“At 45, he has dominated the instrument and the field
as no one of his generation has.” – Chicago Tribune
“To me, this record sits at a new intersection of jazz and blues
without losing the integrity of the classic songs…” – Quincy Jones
“Mr. DeFrancesco is a deeply authoritative musician, a master of
rhythmic pocket, and of the custom of stomping bass lines
beneath chords and riffs.” – The New York Times
When jazz aficionados think of Joey DeFrancesco and they often do they ponder his matchless talents as a modern-day avatar of the Hammond B3 organ and the Philadelphia history he shares with his principle instrument. Organ-based blues and jazz started in Philly and DeFrancesco is the first to tell you so.
DeFrancesco is adored for his buoyant, moody sense of swing and balladry as a composer and as a player. That’s a bluesy, blustery sensibility shared with the men in his family: saxophonist/grandfather Joseph DeFrancesco, and his father – organist “Papa” John DeFrancesco. Jazz lovers also dig DeFrancesco’s second instrument, the trumpet, and the inspiration gleaned from his first big boss, Miles Davis – with whom DeFrancesco gigged when the organist was in his late teens.
“All that – that’s what’s been expected of me, all of which makes me proud, but there’s so much more,” says DeFrancesco on the day he flew back to Philadelphia from his current home base of Phoenix. DeFrancesco stopped by the City of Brotherly Love to receive a star on the Philadelphia Music Walk of Fame alongside local giants such as Coltrane, Dizzy and Nina Simone.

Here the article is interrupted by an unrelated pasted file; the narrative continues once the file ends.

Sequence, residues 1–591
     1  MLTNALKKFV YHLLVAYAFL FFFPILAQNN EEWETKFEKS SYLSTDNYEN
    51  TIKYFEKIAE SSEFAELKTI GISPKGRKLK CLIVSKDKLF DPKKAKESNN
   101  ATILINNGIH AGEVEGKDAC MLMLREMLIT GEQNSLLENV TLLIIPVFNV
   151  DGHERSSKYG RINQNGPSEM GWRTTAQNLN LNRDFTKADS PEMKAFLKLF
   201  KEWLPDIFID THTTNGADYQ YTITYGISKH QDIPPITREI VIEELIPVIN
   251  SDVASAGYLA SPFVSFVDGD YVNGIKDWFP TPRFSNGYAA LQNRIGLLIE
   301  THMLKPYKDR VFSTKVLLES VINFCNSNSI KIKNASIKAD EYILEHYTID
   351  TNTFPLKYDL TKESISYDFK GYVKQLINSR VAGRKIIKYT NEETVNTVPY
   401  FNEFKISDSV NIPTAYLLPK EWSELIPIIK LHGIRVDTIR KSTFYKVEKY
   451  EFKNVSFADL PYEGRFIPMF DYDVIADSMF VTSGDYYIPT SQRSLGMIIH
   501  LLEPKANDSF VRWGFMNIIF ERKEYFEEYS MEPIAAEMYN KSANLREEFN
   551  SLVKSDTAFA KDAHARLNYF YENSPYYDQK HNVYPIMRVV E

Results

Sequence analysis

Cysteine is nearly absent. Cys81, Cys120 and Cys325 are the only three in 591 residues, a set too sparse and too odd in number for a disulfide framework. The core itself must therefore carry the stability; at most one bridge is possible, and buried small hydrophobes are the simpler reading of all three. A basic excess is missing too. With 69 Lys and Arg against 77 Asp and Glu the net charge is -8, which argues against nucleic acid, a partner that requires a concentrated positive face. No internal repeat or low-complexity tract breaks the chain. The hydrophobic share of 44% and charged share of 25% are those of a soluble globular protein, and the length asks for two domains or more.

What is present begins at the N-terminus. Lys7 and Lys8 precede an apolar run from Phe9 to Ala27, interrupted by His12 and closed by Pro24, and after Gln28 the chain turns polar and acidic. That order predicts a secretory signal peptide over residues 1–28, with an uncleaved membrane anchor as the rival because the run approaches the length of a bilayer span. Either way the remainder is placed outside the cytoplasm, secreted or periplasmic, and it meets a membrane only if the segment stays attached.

So for Joey DeFrancesco’s upcoming album, Project Freedom—his debut for the Mack Avenue Records label–DeFrancesco adds several feathers to his cap including those of world traveling storyteller, quartet leader, freedom fighter, peace maker, spiritual healer and genre-busting composer and cover artist. “All of my albums mean a lot to me,” he says. “Project Freedom though – this one means just a little bit more.”
Quick to mention the influence of Philadelphia in every note that he plays–“that’s where all my initial inspiration comes from,” he explains–DeFrancesco looks beyond worshipping at the altar of Hammond B3 priests such as Jimmy Smith and Jimmy McGriff on Project Freedom. “It was never JUST organ and it was never JUST jazz for me,” says DeFrancesco of a personal past that figures into new songs, such as the space-funk of the title track or what he calls the “free soul” of Sam Cooke’s emotional “A Change Is Gonna Come.”
Stylistically, DeFrancesco has long believed that his approach to playing and composing comes from the saxophone. “It’s that sense of breathing that affects everything,” explains DeFrancesco.
Being a frequent flyer with a globe-hopping world touring schedule has given DeFrancesco insight into differing–but not opposing–viewpoints that he longed to espouse through music. “I always thought that as touring musicians, we were spreading peace. No matter what happens in the world, we keep playing. In a lot of the so-called forbidden places too. When we’re there, through war and conflict, problems melt away through music. We’re playing for these people, hanging out with them, and we all come together and we’re grooving with each other because of the music. That is true freedom. Music is true freedom.”